Legal Update: Administrative Court of Appeal Rulings on Taxation of Carried Interest
On April 27, the Administrative Court of Appeal (“ACA”) ruled in 85 cases regarding the taxation of carried interest received by partners in private equity funds. The decisions would result in extra tax revenues amounting to approximately SEK 1.6 billion if they gain legal force (and there are many more cases to be decided).
In broad strokes, the issue for the court to decide on was whether carried interest paid from a General Partnership (“GP”) should be taxed in accordance with the “closely-held company” rules. The closely held company rules aim to prevent income conversion in cases where the value is created by a direct or indirect individual shareholder by bifurcating capital income received into salary income (taxed at up to 58%) and capital income (taxed between 20- 30%) based on a formula. All the rulings were generally in favour of the Swedish Tax Agency (“STA”) although the outcome in the cases differed slightly. Further, the STA also managed to get the court to share their view that interest from Participating Loan Agreements should be taxed as income from employment (this will not be discussed in detail in this update).
The ACA held that, in accordance with what can be described as nothing other than a substance-over-form approach, the relevant partners in some cases were active in the GP as defined in the rules governing closely held companies. The
reasoning behind this conclusion was that the partners through their work in the company advising the GP was the main driver in creating value for the investors and that the fact that the partners were not formally employed in the GP didn’t matter. Further, the rules governing closely held companies essentially apply a look-through regime so the fact that the partner in some cases held shares in the GP through a string of intermediaries did not change the conclusion. In summary, the ACA agreed with the STA and the relevant partners were taxed in accordance with the rules governing closely held companies resulting in a substantial increase of the partner’s tax bill.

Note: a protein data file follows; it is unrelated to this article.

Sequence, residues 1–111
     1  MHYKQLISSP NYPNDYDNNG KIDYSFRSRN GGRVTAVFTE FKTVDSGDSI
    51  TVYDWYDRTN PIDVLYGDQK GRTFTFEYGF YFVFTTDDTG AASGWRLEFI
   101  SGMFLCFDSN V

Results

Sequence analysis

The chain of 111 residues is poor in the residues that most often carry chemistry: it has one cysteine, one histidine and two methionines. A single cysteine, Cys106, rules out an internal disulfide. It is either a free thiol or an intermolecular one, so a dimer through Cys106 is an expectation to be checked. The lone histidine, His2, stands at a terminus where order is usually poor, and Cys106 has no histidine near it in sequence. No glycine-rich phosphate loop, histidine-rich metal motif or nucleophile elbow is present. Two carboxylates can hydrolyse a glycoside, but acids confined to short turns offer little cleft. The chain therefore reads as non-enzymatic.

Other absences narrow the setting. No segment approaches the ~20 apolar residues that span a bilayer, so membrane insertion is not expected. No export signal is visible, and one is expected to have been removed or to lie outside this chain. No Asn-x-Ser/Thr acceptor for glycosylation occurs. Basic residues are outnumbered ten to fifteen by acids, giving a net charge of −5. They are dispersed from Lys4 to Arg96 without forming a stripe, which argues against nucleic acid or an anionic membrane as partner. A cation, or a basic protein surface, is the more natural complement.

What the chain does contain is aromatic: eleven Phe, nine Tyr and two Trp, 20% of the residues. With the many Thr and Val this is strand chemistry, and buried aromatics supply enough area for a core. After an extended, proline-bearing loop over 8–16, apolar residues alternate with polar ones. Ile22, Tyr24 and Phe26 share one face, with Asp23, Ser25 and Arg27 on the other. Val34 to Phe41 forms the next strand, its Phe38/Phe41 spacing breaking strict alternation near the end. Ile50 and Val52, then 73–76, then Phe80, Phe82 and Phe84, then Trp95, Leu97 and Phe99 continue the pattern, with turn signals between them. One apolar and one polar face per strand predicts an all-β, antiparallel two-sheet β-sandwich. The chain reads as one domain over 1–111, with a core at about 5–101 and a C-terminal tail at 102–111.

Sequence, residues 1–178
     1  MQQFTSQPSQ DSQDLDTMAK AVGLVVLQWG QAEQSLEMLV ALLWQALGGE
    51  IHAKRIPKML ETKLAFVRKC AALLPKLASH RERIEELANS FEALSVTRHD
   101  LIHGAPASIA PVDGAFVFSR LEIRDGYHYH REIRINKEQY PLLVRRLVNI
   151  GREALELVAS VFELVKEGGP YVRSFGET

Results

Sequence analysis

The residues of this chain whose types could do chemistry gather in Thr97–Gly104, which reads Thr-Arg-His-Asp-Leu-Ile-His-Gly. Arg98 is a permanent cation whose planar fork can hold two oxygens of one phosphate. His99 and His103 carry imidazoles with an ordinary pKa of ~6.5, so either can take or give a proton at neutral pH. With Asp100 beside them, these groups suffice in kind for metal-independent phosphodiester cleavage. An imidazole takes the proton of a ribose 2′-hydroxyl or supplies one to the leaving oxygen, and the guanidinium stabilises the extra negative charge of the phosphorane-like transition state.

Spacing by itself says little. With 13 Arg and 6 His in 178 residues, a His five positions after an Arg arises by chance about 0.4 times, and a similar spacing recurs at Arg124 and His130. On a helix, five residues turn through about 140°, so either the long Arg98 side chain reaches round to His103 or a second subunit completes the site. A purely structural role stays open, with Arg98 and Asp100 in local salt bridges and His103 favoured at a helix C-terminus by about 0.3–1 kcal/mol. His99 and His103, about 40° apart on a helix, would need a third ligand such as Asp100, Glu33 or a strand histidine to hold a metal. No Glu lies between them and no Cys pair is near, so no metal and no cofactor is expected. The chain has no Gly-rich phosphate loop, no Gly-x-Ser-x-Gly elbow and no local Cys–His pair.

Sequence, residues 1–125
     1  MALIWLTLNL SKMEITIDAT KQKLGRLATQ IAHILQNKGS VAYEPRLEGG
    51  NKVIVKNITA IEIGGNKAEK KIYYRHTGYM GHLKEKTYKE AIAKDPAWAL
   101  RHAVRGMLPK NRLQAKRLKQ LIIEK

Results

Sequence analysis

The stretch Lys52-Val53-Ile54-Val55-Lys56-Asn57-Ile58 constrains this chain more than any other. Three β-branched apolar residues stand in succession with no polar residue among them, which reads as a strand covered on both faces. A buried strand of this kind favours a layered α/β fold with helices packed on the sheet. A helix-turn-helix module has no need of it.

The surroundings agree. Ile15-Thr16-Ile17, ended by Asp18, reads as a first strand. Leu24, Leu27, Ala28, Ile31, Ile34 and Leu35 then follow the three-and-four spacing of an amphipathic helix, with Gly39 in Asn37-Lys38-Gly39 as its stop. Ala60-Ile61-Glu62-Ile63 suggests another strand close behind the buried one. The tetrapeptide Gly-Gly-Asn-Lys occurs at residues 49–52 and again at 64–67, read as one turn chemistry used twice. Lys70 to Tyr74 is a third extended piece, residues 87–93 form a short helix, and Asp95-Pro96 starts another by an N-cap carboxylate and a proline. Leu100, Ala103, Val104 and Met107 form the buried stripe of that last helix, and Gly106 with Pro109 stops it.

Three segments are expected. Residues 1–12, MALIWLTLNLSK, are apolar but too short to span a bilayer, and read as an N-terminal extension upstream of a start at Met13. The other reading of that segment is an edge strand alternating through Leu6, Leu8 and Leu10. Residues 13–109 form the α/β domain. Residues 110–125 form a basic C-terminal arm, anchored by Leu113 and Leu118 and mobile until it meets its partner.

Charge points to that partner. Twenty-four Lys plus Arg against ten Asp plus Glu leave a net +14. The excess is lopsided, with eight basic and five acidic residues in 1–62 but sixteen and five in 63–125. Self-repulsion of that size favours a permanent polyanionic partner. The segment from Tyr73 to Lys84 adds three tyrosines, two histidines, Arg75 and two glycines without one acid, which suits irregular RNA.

The structures in the cases decided by the ACA all have in common that they have been around for years without them being challenged. However, in recent years these structures have been challenged in many countries around the globe and the outcome has differed from one jurisdiction to another. For Swedish tax purposes, the cases decided by the ACA dramatically changes the landscape for private equity in Sweden. Right or wrong, things will not be the same.
It is yet unclear if the decisions will be appealed and if the Supreme Administrative Court would then grant leave to appeal. Since the requirement for an appeal to be granted is that the question is one of law as opposed to facts it is
uncertain if this will be the case.
However, one would hope that the Supreme Administrative Court interprets this requirement in the most taxpayer friendly way possible in order for the cases to be tried by the highest court.
It would be prudent for taxpayers in the private equity sector to evaluate the possible tax implications of the rulings, as it may still be possible to avoid tax penalties in certain cases. Stating the obvious, it may also be necessary to reassess the structures for new funds and to restructure current ones (to the extent possible).
Please feel free to contact Christian Carneborn with questions regarding carried interest and the possible effect of these decisions in relation to current and future structures.
The decisions of the ACA (unfortunately only available in Swedish) can be found here.